Tag Archives: photography

Maybe you should try decluttering your house before listing it for sale

man in office talking on phone

Perhaps not so surprisingly, my career as a real-estate photographer was short-lived.

Years ago, I worked in a small real-estate office. One of the agents got a new listing, so she asked me to drop in and take photos.

As I dropped in, my jaw dropped. Random junk sat atop every conceivable surface. It looked as if a tornado had struck a knickknack shop.

There were dog toys on the couch, antique dishes on the coffee table, torn-open mail on the kitchen counter. If House Hunters and Hoarders got drunk and made a baby, this house would be it.

I would have wiped my feet on the mat, but I didn’t want to dirty my shoes.

However, I was there to take photos, so take photos I did. Being the professional I am, I used creative angles to portray the garbage as artistically as possible. Natural sunlight flowed through the open curtains, adding a heavenly glow to the pristine piles of rubbish.

We posted the photos and listed the home. A few days later, the homeowner called.

“Can you tell me who took the photos of my house?” he asked.

I told him that the creative genius in question was me.

“OK,” he said, “then riddle me this: Would it have occurred to you not to take photos of all the clutter?”

Now here’s my problem: I have a smart-aleck switch. When it’s switched on, I start spewing a stream of passive-aggressive prattle that can’t be stopped. Once I get going, I’m not able to turn the switch off, even if I try. I just have to keep going until I run out of steam.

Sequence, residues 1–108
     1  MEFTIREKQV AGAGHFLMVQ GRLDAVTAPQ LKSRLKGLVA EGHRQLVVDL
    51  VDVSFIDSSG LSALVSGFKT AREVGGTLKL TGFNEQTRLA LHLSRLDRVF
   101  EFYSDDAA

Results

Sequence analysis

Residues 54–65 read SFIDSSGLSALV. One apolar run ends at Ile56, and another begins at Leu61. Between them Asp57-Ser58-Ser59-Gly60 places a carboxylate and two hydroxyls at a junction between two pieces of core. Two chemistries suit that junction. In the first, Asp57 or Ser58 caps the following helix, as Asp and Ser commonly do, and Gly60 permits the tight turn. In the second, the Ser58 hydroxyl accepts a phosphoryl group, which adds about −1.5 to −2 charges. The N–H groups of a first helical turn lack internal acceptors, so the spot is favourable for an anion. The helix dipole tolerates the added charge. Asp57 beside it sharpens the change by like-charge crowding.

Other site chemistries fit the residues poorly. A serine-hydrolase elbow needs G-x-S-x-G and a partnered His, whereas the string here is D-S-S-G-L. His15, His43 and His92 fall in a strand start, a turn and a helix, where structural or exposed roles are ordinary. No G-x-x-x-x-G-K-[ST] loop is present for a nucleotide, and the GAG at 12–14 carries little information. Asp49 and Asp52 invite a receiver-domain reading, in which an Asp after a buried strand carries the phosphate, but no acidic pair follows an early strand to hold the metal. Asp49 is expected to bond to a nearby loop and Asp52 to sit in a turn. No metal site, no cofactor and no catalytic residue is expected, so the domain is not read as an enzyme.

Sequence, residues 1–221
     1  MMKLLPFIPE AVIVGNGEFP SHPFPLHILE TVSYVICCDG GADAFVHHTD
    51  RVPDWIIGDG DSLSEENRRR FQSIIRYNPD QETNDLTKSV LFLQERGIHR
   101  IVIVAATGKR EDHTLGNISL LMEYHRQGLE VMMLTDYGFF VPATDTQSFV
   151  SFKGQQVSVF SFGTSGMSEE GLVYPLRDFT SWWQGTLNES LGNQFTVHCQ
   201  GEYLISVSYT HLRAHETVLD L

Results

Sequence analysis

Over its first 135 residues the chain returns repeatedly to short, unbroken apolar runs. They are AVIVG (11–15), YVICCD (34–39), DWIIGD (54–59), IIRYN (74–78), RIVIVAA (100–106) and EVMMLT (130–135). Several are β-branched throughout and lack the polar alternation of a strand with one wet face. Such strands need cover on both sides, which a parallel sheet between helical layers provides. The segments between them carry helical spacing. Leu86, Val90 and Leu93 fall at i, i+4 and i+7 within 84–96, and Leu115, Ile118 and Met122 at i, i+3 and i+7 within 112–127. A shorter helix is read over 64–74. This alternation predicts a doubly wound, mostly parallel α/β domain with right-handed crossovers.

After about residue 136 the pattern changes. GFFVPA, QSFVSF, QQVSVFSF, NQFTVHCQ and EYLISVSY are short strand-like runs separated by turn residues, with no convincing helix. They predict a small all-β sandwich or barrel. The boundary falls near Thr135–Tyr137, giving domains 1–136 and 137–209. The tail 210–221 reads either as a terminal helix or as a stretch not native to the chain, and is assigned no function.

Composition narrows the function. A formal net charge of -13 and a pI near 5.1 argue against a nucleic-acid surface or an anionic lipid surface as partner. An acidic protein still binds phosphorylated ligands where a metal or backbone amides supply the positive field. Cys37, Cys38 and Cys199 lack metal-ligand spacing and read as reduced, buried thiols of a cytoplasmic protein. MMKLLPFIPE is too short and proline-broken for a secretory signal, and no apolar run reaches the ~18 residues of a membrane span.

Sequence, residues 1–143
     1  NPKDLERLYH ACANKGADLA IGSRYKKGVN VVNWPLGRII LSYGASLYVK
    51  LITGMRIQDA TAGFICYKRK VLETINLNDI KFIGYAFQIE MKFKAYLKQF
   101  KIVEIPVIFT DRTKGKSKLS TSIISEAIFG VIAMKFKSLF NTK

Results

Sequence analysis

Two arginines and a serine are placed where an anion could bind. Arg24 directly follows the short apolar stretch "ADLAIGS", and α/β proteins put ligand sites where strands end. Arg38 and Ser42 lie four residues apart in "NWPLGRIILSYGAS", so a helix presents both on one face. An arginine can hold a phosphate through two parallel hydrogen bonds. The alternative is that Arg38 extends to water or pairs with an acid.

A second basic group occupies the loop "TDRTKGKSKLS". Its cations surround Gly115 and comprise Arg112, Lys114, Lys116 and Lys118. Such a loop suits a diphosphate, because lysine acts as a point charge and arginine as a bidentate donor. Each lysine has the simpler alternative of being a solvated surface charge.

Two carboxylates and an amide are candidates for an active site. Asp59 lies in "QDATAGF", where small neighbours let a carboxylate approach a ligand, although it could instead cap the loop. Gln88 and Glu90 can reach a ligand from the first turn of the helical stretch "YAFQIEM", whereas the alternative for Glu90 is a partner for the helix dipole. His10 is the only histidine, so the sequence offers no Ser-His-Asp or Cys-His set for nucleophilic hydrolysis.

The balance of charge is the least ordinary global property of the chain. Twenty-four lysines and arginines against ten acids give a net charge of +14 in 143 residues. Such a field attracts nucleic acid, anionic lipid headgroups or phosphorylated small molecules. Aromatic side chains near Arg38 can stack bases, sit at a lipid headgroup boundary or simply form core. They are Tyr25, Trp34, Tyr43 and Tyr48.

It’s sort of like Planes Trains and Automobiles, when Steve Martin accuses John Candy of being a Chatty Cathy doll who pulls his own string — except the reverse. I have a switch over which I have no control. Only other people can flick it on for me.

And this homeowner, unfortunately, had succeeded in flicking my switch.

“Well,” I said, “riddle me this: Would it have occurred to you to clean your house when you know full well a photographer’s coming?”

Silence.

“You see,” I continued, “a photographer’s palette is the whimsical world he frames with his lens. While a painter suggests reality with brushstrokes and splatters, a photographer captures the essence of a moment and coaxes it to its fullest expression. The environment in which he composes his masterpieces sets the mood for the photos that emerge. So when he finds himself in a repulsive midst of messiness and disarray, his thoughts, emotions, and photos reflect the untidy shambles of his surroundings. What develops – quite literally – are photographic representations of the egregious eyesore, complete with all the filth and clutter that litter the landscape.”

“Are you finished?” the man asked.